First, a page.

Hopefully I succeeded in persuading them that what this book is about is nothing like that. But to lift up what is real and shine the light on where all this is going, it was necessary to untangle the mess the Christian religion had made of Jesus and his teachings. It was critical to see that Jesus taught that the God and heaven we have all been waiting for up in the sky have been in us all along. Once we get that, we can let that entire mindset and system die off and become obsolete.”

(Image by Gregilnero/deviantart.com)

Latest Comments

  1. Don Rogers says:

    Jim- I have something I need to get off my chest. We’ve both been at this deconstructing of our Christian lives for some time now. I have watched (read) as you have tried in various books and ways to find what the answer is to this question we both have asked ourselves numerous times. What do we do with Jesus? “Being Jesus in Nashville” was the first time I felt we were about to head in a vastly different direction. “Notes from the Edge..” further convinced me things would never be the same for me again. “Inner Anarchy” scared the …. out of me. But, through them all, you quoted scripture. This puzzled me. I have trouble with that. Early in my journey, I made a pretty comprehensive study of the early church (people) and the institution as it seemed to create itself (without much help from Jesus).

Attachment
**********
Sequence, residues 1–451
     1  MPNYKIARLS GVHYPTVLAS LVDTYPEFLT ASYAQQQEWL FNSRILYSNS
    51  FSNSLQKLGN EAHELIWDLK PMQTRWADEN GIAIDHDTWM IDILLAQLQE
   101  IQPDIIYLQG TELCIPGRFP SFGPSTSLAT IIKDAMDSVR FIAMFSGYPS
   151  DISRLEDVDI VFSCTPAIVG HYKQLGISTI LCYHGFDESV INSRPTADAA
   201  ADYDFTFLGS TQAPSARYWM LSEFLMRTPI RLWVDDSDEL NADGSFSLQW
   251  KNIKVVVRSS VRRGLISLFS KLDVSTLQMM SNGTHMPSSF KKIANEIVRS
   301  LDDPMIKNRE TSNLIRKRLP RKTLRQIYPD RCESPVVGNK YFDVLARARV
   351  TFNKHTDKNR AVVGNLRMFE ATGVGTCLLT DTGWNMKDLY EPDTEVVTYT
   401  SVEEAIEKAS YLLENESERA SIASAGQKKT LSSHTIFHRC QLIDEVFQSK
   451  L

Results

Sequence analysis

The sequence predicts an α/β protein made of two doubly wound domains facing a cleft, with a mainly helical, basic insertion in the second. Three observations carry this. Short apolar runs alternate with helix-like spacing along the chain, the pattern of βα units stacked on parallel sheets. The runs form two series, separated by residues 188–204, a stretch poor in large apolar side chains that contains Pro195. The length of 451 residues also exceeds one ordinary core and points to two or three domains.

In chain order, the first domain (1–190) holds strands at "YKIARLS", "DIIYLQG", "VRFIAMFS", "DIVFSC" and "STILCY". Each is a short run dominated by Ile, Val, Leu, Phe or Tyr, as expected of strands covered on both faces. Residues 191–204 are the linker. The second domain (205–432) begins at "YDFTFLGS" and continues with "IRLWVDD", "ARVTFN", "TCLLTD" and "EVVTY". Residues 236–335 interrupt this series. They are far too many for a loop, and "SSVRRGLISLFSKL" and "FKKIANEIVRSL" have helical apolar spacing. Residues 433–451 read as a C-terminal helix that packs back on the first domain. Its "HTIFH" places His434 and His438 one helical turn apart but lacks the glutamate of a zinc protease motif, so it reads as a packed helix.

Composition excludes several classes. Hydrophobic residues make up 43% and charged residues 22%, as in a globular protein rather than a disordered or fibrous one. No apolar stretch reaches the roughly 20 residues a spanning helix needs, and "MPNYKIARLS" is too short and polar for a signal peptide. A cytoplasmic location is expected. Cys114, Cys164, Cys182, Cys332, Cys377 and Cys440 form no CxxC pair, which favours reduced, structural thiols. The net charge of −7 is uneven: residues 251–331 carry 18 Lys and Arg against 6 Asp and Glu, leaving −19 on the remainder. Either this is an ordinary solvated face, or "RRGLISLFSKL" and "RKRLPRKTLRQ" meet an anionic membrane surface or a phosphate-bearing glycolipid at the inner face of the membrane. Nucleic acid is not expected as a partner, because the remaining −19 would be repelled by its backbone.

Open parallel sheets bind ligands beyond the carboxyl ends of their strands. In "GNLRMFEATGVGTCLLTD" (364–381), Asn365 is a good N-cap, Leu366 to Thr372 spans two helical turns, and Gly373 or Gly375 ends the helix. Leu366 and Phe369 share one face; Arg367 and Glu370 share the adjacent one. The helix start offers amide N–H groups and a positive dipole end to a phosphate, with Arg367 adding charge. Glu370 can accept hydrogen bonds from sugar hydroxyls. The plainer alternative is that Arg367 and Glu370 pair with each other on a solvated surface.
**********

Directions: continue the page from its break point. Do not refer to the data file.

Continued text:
I will admit I lost touch with scripture because I had, through my studies, given up on it being anything close to the original manuscripts….you know copies of copies of copies. Not that I necessarily would have believed all that even the original manuscripts said (if we had them). Scribal additions, and errors convinced me that basically none of scripture could be relied on with any veracity. How do you decide which scriptures point to truth and therefore can be relied on our journey? I admit I have pretty much given up on scripture being anything close to being something (God) or as I refer to as the ground of being. had for us.I don’t ever remember you saying anything about the veracity of the Bible as a whole, the NT in particular. I need direction here. It seems that we have so little, if anything, that we can trace directly to Jesus that it makes knowing what he taught or thought dicey to say the least. I am a believer and most likely always will be. But finding a source for that belief is very difficult if not next to impossible. That is one of the main reasons I have turned within myself for enlightenment on the subject of Jesus. I want to be a part of this “reclaiming” of the real Jesus. I am with you on this quest. I just don’t know what to make of “his” story. Thanks for listening. Love you Brother!